This research explores the ways in which young Muslims (18–35 years of age) experience the life-altering event that is hajj and the ways in which information has mediated and shaped their journey. Specifically, the chapter examines the post-hajj phase and the information practices that pilgrims engage in as they make sense of their experience upon return, as they negotiate their new status as ḥajjīs/-as, and as they embrace their membership as part of the global Muslim umma. Adopting the lens of practice theory, the argument focuses on the production of social life through the rich and nuanced dynamics of pilgrims’ everyday life. The chapter sketches the shared practices and routinized behaviours that returning pilgrims engage in as they partake in meaning-making (which includes documenting as a form of remembering), community-maintenance rituals, and building capital through their knowledge brokering activities. The chapter is concluded with an invitation to deepen our reflection on what counts as religious capital in the context of twentyfirst-century pilgrimages.
This chapter explores Arabic pilgrims’ hajj experiences and emotions in the first half of the twentieth century, linking these to central events of that time that had a transformative effect on the hajj and its journey. It draws on a small set of travelogues that circulated in manuscript-form in the anti-colonial and revivalist context of a Moroccan Sufi order in Fes at the turn of the twentieth century, as well as several travel accounts originating in Cairo and dating to the first half of the twentieth century. Through these texts, the chapter explores the diversity of hajj experiences articulated by pilgrims who encountered the new contexts of steam transportation, quarantine and Saudi governance. It ends with a reflection on this variety, and relates it to the role the genre of hajj travelogues might play in preparing pilgrims for particular emotional states and ways of interpreting their experiences of the hajj.
In April–May 1963 the Tajik writer Fazlidddin Muhammadiev, a member of the Communist Party and atheistic propagandist, performed his first and only hajj in the company of 17 Soviet pilgrims. This journey resulted in an autobiographical novel In the other world or a tale of the great hajj (1965) that was republished multiple times as a Soviet best seller in Tajik, Russian, and other languages. It is a unique, detailed, emotional, though sometimes blasphemous, Soviet pilgrim’s account. This paper examines Muhammadiev’s novel in terms of entangled narratives of the pilgrimage from Central Asia to Mecca proposed by Communist propagandists, academic Orientalists, and Soviet Muslim officials in the Cold War period when Islam was partly legalized in post-Stalinist Russia. It shows continuity and ruptures between Orientalist discourses of Islam in late tsarist and Soviet Russia, and sheds light on individual and collective religiosity of post-war Soviet Muslims.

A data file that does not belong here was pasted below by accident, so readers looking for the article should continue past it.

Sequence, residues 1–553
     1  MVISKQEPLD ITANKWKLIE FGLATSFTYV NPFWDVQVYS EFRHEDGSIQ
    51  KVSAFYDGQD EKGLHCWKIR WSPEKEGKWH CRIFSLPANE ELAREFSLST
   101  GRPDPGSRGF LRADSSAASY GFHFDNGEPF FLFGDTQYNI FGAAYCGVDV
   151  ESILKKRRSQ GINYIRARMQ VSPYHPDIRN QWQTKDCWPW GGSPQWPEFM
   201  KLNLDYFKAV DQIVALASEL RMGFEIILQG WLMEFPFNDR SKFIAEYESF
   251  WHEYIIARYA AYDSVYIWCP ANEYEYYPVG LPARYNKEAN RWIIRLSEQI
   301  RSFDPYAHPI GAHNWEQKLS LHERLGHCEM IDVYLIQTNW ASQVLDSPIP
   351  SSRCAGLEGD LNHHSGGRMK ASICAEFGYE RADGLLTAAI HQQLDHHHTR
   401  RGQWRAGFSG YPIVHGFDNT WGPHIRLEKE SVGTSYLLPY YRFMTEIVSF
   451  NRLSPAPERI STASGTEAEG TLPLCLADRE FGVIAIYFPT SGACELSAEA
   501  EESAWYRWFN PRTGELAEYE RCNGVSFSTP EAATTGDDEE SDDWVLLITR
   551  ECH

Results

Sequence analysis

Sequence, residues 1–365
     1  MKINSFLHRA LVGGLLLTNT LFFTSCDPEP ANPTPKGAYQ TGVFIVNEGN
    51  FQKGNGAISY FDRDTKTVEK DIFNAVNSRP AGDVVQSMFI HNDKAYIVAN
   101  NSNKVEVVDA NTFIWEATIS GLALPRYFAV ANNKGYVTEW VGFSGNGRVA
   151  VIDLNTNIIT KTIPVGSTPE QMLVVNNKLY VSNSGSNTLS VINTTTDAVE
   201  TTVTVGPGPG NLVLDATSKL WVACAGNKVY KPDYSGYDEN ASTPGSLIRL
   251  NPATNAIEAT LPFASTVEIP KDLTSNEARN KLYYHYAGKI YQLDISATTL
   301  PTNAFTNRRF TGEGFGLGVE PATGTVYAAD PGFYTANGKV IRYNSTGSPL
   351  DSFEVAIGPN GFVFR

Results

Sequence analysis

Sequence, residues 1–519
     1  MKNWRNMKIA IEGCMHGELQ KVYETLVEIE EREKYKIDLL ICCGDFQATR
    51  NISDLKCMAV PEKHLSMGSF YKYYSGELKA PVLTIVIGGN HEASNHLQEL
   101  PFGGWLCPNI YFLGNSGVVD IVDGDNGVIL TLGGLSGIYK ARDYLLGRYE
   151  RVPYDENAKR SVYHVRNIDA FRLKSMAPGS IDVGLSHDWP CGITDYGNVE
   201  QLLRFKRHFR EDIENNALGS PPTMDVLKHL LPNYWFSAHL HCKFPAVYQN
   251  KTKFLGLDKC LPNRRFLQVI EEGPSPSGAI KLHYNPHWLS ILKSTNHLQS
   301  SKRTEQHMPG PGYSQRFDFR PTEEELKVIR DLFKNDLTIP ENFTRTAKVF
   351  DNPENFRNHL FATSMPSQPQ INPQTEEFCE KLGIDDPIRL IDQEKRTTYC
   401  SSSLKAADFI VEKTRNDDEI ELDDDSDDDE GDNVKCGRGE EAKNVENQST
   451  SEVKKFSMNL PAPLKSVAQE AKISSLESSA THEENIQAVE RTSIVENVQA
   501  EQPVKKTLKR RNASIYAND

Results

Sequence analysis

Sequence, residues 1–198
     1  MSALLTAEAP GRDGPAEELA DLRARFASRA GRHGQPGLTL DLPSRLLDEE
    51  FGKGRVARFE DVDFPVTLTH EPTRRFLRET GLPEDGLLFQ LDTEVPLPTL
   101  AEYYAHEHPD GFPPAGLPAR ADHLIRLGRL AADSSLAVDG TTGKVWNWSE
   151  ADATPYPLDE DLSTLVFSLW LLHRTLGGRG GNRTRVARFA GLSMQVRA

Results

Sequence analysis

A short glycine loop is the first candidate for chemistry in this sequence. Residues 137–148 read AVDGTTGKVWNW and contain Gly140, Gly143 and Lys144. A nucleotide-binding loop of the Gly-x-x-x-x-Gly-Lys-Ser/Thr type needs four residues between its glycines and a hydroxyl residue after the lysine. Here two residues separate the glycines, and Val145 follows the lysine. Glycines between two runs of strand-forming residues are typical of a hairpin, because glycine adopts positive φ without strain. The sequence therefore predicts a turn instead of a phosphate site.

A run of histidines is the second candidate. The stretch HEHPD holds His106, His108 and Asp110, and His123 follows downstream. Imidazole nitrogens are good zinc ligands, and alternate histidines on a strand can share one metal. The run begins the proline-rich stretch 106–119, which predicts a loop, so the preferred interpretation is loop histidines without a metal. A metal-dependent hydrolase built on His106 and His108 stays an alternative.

This chapter gives a brief outline of the development of hajj accounts as a generic corpus from the early beginnings in the twelfth century until the mid-twentieth century. It focuses on two main aspects: the connection of hajj accounts with the broader hajj tradition; and the formation of a corpus of hajj accounts in which various strands converged in the course of the eighteenth century. Under the influence of processes of globalization, the Maghribi and eastern-Islamic traditions developed into a dominant form, which was marked by the interaction between two narrative levels, respectively of the journey as a physical undertaking, and the hajj as a ‘signifier’ structuring the religious symbolism of the text. It is argued that in spite of the diversity and dynamic nature of the corpus, these elements remained dominant and provided continuities which connect the early-modern and modern periods. They were the basis of the hajj account as a narrative discourse which persisted into the modern age and can even be found in modern oral accounts of pilgrimage experiences.
In this chapter a hajj journal is analysed written by a Moroccan pilgrim who travelled to Mecca in 1929. Sīdī Muḥammad al-Tawzānī al-Miḍārī was a Sufi shaykh from a small town in northern Morocco. His journal reports in a very detailed way on the mishaps and difficulties of the journey, focusing on illness, inconveniences of travel, food, etc. Although the ultimate experience of the hajj is expressed in positive terms, the account gives a very personal and realistic image of the hajj, through the eyes of a sincerely religious but unpretentious shaykh. It is argued that, although most hajj accounts tend to contain idealizing strategies, it is also not uncommon for pilgrims to tell about the hardships of the hajj and their individual complaints and experiences without embarrassment. Because the diary is a straightforward account without much personal meditations, it gives a vivid and realistic picture of the hajj in the interwar period.